If you are required to work from home at all during this tax year (21/22) then you can double the amount calculated as your refund for the year. Remember though, it is not automatically assigned so you will need to submit a claim for both the 20/21 and the 20/22 tax years.
How do I claim?
For employees who are only PAYE it is super simple to do. All that you need to do is follow the link to HMRC’s working–from-home microservice and click through the steps. If you struggle with this then the other option is to send in a P87 form by post… although we have tested both and the postal version is way more complicated so we strongly recommend the microservice.
What if I am self-employed or submit a tax return?
For the self-employed amongst us, or for those who submit a tax return you will need to claim this on your tax returns. If you have tax to pay then the home working allowance will reduce this liability, if not, then you will still be entitled to the refund. Another benefit if you have a tax bill of over £1,000, this will also reduce your Payment On Accounts needed for the following years’ liability.
When can I not claim?
When you have not worked any days from home
Now this one should be fairly obvious, however, because of the changes HMRC has had to make with claiming this allowance it is wide open to fraud. HMRC will be able to figure out if you make a fraudulent claim and anyone making such a claim will almost certainly be made an example of. The HMRC’s processes are pretty strict so if they noticed anyone making a fraudulent claim, they would come down on you like a tonne of bricks. For example, a health care worker that was claiming a Mileage Tax Refund whilst also then trying to claim the home working allowance then they may want to look into that one.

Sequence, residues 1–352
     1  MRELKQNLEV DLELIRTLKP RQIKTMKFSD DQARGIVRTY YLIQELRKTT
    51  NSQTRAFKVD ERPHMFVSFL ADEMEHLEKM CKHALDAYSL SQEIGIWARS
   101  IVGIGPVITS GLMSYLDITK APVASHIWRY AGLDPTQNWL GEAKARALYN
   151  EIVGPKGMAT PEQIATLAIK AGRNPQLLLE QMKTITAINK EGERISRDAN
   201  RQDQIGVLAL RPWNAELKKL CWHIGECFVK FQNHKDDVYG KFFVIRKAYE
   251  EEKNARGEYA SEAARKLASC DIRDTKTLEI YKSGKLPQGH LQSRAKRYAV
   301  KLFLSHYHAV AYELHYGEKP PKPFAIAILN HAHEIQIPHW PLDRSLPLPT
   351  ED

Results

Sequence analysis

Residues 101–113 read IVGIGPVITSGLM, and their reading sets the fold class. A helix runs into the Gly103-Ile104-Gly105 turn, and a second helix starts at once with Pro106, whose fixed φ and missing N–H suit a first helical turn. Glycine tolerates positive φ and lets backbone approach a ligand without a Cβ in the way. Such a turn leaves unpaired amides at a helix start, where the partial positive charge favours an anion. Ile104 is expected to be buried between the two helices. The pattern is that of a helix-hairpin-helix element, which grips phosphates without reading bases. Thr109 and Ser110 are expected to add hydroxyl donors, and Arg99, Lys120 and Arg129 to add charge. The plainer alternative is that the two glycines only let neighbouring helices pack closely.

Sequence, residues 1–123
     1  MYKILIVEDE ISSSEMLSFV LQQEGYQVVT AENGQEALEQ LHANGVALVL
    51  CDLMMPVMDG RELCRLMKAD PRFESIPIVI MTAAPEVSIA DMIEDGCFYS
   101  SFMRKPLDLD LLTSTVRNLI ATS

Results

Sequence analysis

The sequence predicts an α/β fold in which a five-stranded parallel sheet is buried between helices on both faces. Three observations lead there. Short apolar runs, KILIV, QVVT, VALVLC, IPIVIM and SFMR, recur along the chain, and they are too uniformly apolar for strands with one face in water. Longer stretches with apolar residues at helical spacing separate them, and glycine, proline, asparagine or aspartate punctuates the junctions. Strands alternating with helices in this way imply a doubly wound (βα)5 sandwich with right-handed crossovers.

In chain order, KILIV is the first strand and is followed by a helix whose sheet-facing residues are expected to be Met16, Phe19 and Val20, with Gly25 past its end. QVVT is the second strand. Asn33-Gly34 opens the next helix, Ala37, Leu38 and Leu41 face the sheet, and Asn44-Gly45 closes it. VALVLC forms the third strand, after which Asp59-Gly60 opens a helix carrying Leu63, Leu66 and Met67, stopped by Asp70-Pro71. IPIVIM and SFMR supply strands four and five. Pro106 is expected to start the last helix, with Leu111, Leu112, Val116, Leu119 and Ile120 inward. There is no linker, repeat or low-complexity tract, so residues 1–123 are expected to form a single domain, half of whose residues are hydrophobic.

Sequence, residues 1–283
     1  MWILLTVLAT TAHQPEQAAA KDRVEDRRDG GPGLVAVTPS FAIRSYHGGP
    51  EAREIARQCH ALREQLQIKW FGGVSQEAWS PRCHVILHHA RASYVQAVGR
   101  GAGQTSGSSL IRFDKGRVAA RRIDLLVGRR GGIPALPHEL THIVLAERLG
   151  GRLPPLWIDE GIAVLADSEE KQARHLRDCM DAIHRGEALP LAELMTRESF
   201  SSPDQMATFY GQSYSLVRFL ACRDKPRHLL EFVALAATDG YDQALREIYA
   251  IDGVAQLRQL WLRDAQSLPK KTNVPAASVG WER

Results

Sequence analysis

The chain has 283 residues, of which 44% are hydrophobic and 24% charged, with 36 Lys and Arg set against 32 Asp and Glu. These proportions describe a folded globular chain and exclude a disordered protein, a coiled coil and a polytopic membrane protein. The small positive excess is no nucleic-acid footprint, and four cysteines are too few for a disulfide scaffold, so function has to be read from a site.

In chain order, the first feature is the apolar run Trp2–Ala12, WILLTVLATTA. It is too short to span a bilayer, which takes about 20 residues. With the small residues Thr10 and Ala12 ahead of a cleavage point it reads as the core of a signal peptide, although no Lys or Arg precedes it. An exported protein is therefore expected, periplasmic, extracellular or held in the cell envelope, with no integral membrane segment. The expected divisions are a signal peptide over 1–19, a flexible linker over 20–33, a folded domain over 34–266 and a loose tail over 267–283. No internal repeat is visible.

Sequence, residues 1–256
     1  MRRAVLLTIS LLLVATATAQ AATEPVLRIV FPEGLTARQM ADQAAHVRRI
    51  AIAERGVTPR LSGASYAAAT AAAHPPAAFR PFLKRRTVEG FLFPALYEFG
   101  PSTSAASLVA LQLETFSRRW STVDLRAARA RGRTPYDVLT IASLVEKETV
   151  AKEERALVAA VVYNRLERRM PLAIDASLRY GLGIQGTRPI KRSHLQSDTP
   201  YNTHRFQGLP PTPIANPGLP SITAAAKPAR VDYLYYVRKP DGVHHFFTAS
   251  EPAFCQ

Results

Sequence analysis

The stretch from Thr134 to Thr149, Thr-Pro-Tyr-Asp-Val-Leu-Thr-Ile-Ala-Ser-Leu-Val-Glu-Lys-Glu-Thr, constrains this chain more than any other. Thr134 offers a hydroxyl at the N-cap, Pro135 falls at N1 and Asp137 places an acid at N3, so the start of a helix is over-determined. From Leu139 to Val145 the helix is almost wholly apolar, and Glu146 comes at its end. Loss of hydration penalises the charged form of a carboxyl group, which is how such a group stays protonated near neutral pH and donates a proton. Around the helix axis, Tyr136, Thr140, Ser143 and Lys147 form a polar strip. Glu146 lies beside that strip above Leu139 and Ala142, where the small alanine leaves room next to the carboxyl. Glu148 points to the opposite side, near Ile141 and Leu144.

Please do not let the last paragraph put you off claiming if you are also claiming for other tax reliefs, if you have been required to work any one day from home then you are perfectly legally allowed to make the claim.
If you have opted to work from home
Remember earlier when we said that you have to be required to work from home? If you have decided that you wanted to work from home and were not required to do so by your employer, then sadly you can not claim the full year through the microservice.
Your employer is already reimbursing you
As with any tax relief, if you are already being reimbursed by your employer then you cannot also claim the tax relief back. It is probably a good point to note that your employer in no way shape or form has to reimburse you and there are probably few her are. If you are unsure whether you are being reimbursed for this then always ask before making your claim… it will only come back and bite your on the bum further down the line.
Can this be backdated?
Yes, for 4 years, however, it is a different process for the 17/18, 18/19, and 19/20 tax years. Remember, the full year’s allowance is only available when you have worked at least 1 day from home for the 20/21 and 21/22 tax years. For backdated claims, you may want to speak to one of our tax accountants who will talk you through the process.
That was a lot of information to take in so for the more visual learners amongst us here is a clip from Martin Lewis’s Money Show which will hopefully help answer any unanswered questions.